Addictive Thinking: Understanding Self-Deception

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Hazelden Publishing, Jun 3, 2009 - Self-Help - 156 pages
2 Reviews
Abnormal thinking in addiction was originally recognized by members of Alcoholics Anonymous, who coined the term "stinking thinking." Addictive thinking often appears rational superficially, hence addicts as well as their family members are easily seduced by the attendant--and erroneous--reasoning process it can foster.

In Addictive Thinking, author Abraham Twerski reveals how self-deceptive thought can undermine self-esteem and threaten the sobriety of a recovering individual. This timely revision of the original classic includes updated information and research on depression and affective disorders, the relationship between addictive thinking and relapse, and the origins of addictive thought. Ultimately, Addictive Thinking offers hope to those seeking a healthy and rewarding life recovery.
 

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It's a great book on the tendencies of people who compulsively consume substances or what have you, any compulsion. The book outlines a lot of commonalities in the addicted mind however it doesn't offer much in the way of advice. In that way it's more like psychoanalysis. A suffering patient can read this, family member... or even any clinician could benefit from this knowledge and draw some of their own conclusions from it.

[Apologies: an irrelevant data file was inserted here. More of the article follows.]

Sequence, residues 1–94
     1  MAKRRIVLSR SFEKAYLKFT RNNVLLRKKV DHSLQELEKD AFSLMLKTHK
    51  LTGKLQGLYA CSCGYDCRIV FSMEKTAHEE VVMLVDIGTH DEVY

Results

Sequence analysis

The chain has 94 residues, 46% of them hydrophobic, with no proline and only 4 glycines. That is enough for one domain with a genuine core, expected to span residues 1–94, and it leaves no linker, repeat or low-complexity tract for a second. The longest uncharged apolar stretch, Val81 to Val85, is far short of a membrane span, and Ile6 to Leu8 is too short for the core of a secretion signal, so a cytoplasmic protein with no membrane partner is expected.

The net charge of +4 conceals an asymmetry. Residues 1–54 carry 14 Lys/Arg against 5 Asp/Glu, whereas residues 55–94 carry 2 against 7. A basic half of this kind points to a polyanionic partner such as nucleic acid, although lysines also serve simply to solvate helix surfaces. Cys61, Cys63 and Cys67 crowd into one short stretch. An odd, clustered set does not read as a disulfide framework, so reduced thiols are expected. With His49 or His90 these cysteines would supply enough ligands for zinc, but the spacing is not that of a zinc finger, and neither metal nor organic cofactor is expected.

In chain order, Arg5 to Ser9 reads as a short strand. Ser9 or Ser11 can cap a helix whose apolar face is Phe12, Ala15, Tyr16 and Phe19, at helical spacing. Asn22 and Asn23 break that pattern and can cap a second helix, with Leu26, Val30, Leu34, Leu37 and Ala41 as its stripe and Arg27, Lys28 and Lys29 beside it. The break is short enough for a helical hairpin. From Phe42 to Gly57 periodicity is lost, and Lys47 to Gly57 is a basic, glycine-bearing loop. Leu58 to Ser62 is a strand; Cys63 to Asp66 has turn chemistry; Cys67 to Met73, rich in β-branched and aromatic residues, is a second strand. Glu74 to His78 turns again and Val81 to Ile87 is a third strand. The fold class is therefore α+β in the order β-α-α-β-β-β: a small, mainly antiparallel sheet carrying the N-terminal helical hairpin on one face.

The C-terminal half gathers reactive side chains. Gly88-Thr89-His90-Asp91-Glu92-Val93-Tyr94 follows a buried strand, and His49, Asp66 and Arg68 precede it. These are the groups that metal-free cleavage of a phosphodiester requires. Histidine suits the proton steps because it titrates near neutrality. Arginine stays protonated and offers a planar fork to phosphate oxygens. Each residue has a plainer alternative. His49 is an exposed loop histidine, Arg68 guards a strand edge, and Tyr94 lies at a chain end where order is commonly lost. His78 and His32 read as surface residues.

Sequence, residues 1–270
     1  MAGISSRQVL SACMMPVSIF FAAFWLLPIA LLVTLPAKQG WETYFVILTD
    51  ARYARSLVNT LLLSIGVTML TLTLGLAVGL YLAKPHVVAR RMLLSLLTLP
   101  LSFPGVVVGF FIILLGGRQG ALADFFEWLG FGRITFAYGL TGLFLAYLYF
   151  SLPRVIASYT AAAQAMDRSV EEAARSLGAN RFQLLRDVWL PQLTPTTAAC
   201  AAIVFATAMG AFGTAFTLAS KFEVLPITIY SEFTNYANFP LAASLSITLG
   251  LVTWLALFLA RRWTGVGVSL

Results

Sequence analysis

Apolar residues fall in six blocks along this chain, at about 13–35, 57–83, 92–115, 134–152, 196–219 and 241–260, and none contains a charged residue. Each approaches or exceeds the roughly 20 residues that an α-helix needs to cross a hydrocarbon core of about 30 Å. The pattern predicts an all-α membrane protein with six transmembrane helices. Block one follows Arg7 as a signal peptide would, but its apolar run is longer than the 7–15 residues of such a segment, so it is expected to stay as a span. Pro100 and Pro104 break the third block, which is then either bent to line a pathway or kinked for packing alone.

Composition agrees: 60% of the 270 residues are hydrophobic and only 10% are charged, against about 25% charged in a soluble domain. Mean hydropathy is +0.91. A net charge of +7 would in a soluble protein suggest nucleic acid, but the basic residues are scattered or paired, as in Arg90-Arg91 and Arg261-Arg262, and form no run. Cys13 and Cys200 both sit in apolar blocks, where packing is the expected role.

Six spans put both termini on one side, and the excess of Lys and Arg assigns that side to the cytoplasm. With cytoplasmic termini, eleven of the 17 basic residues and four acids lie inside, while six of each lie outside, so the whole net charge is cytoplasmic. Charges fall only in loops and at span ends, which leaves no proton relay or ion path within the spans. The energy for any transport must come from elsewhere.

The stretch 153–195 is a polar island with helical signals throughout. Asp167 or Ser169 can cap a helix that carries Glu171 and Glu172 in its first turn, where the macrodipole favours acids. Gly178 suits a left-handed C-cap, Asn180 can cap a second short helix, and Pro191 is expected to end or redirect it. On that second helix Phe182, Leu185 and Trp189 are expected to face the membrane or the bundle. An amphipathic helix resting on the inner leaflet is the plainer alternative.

Review: Addictive Thinking: Understanding the Addictive Process and Compulsive Behavior

User Review  - Olivia - Goodreads

Simple read that is a must have for every clinician and people working or living with addicts! Read full review

Contents

What Is Addictive Thinking?
3
SelfDeception and Addictive Thinking
13
The Addictive Thinkers Concept of Time
27
Confusing Cause and Effect
33
Origins of Addictive Thinking
37
Denial Rationalization and Projection
41
Dealing with Conflict
51
Hypersensitivity
57
The Confining Wall
87
Managing Feelings
91
Flavors and Colors of Reality
95
Must One Reach Bottom?
101
Addictive Thinkers and Trust
107
Spirituality and Spiritual Emptiness
113
Addictive Thinking and Relapse
117
The Frustrations of Growth
121

Morbid Expectations
61
Manipulating Others
63
Guilt and Shame
67
Omnipotence and Impotence
71
Admitting Errors
75
Anger
79
Ridiculous Explanations Sensible Solutions
125
Select Bibliography
129
Index
131
About the Author
137
Copyright

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Page 8 - A codependent person is one who has let another person's behavior affect him or her, and who is obsessed with controlling that person's behavior.
Page 14 - Not by the current definition of psychotic, which is a general term for any major mental disorder characterized by derangement of personality and loss of contact with reality.

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About the author (2009)

Dr. Abraham J. Twerski is founder and medical director emeritus of the Gateway Rehabilitation Center in Pittsburgh, Pennsylvania. A rabbi, psychiatrist, and chemical dependency counselor, he is the author of numerous journal articles and books, including Self-Discovery in Recovery, I Didn't Ask to Be in This Family: Sibling Relationships and How They Shape Adult Behavior and Dependencies, and, with "Peanuts" cartoonist Charles Schulz, When Do the Good Things Start?

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